“Of boyish distresses”

The bitterness of boyish distresses does not lie in the fact that they are large; it lies in the fact that we do not know that they are small. About any early disaster there is a dreadful finality; a lost child can suffer like a lost soul.

— Charles Dickens (1906).

Published in: on August 28, 2013 at 2:20 pm  Comments (1)  

“A sort of sharp practice”

Once I had a private dispute with a lady about Feminism, in which the strange and stubborn resolution to answer only one set of arguments came to an abrupt and rather extraordinary end. Hearing I was opposed to Female Suffrage, the lady, in the good old stiff style … began to belabour what she supposed to be my opinions. I despised women because the scientists said they had smaller heads. I thought they were weak and hysterical; I thought that might was right, and so on. It was long before I had a chance of explaining that I do not despise women, that I do not believe scientists, that I do not think that might is right, or that big heads are big brains, and that, in my opinion, women are not weak and are not hysterical.

Whereupon this extraordinary woman sprang up, stamped with both feet at once and cried out, “But we are weak and hysterical, I tell you we are!” She protested, almost with tears in her eyes, that her cranium was of contemptible dimensions. She dared me to maintain that women had any admirable qualities at all.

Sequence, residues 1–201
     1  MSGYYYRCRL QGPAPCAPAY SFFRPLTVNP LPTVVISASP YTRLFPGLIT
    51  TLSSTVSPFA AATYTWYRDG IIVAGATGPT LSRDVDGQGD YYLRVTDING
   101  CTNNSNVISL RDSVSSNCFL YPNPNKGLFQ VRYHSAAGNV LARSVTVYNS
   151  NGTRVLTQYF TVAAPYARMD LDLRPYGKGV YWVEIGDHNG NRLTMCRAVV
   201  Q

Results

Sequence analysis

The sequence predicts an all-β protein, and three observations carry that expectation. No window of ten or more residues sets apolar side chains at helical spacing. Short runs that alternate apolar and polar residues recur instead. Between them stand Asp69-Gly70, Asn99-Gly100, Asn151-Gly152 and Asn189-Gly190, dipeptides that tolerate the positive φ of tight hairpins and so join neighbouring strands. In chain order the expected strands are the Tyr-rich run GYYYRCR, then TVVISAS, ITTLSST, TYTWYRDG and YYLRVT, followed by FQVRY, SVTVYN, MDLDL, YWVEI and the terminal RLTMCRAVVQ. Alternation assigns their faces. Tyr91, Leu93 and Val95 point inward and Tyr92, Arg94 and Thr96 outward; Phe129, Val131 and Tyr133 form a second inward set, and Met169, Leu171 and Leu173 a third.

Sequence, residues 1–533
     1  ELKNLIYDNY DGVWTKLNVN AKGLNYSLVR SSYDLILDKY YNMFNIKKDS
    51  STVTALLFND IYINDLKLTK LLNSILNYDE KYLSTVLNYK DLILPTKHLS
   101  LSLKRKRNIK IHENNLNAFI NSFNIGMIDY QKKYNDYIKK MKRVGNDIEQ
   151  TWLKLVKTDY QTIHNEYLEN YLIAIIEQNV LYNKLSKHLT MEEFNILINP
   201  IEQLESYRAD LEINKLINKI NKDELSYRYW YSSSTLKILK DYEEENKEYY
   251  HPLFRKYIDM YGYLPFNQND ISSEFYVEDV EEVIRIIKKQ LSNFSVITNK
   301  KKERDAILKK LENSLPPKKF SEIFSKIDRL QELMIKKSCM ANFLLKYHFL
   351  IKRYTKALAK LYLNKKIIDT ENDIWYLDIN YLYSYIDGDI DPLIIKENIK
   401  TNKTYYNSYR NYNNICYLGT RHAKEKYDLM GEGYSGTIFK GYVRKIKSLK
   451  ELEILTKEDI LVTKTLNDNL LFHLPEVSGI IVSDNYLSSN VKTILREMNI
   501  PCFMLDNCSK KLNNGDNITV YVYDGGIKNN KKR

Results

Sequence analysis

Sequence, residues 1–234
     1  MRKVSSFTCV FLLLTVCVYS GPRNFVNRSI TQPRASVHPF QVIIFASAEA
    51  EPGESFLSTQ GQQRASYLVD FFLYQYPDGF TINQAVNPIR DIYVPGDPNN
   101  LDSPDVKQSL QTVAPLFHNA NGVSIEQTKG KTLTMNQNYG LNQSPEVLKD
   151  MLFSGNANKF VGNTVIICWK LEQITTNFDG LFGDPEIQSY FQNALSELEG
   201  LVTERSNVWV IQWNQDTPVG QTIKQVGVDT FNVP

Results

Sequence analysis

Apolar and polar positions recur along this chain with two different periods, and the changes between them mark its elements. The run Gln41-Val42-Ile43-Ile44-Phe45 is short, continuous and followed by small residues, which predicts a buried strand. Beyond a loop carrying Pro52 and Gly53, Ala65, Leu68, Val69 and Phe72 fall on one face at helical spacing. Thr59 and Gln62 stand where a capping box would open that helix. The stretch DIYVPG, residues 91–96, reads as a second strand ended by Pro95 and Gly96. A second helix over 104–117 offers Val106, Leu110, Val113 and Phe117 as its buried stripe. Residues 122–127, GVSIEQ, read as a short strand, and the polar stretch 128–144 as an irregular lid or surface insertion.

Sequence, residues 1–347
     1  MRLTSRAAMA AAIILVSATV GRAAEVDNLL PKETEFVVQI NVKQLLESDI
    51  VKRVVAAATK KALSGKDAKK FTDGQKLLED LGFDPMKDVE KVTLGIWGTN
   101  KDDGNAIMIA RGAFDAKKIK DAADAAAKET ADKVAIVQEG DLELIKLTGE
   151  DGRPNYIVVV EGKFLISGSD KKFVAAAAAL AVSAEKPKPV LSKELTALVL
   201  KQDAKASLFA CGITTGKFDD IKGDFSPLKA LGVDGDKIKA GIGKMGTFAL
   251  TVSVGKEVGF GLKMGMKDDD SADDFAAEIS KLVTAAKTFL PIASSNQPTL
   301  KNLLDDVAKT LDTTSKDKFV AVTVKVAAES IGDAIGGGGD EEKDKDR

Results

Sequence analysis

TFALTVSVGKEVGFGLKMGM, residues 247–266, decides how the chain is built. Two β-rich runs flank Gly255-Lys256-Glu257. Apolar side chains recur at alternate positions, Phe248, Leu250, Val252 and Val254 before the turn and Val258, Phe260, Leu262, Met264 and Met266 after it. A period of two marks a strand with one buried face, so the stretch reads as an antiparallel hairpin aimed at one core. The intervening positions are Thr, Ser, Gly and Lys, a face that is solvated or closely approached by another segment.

I have never understood this outburst; but I have often fancied that it had something to do with the strange debating-club notion that advancing the conventional argument is an act of fairness to the company; that giving one’s own reasons, and not the official reasons, is “paradox” and a sort of sharp practice; that “both sides” of a thing are always (as in Euclid) greater than the third side. But there is always a third side: two sides cannot enclose a space. Perhaps the lady thought I was cheating; perhaps she thought that sneering at the female skull was a polite form for introducing a subject; perhaps she thought I was not “playing the game.” Well, that is just it: I am not playing the game. Or perhaps she was mad.

— The Illustrated London News, 3 June 1911.

Published in: on August 21, 2013 at 7:59 am  Leave a Comment  

“Like an eagle upon the mountains”

The most sagacious creeds may suggest that we should pursue God into deeper and deeper rings of the labyrinth of our own ego. But only we of Christendom have said that we should hunt God like an eagle upon the mountains.

Orthodoxy (1910).

Published in: on August 14, 2013 at 11:26 pm  Leave a Comment  

“Blessed is he that expecteth nothing”

“Blessed is he that expecteth nothing, for he shall be gloriously surprised.” The man who expects nothing sees redder roses than common men can see, and greener grass, and a more startling sun. Blessed is he that expecteth nothing, for he shall possess the cities and the mountains; blessed is the meek, for he shall inherit the earth. Until we realize that things might not be we cannot realize that things are. Until we see the background of darkness we cannot admire the light as a single and created thing. As soon as we have seen that darkness, all light is lightening, sudden, blinding, and divine. Until we picture non-entity we underrate the victory of God, and can realize none of the trophies of His ancient war. It is one of the million wild jests of truth that we know nothing until we know nothing.

Heretics (1905).

Published in: on August 7, 2013 at 3:19 pm  Leave a Comment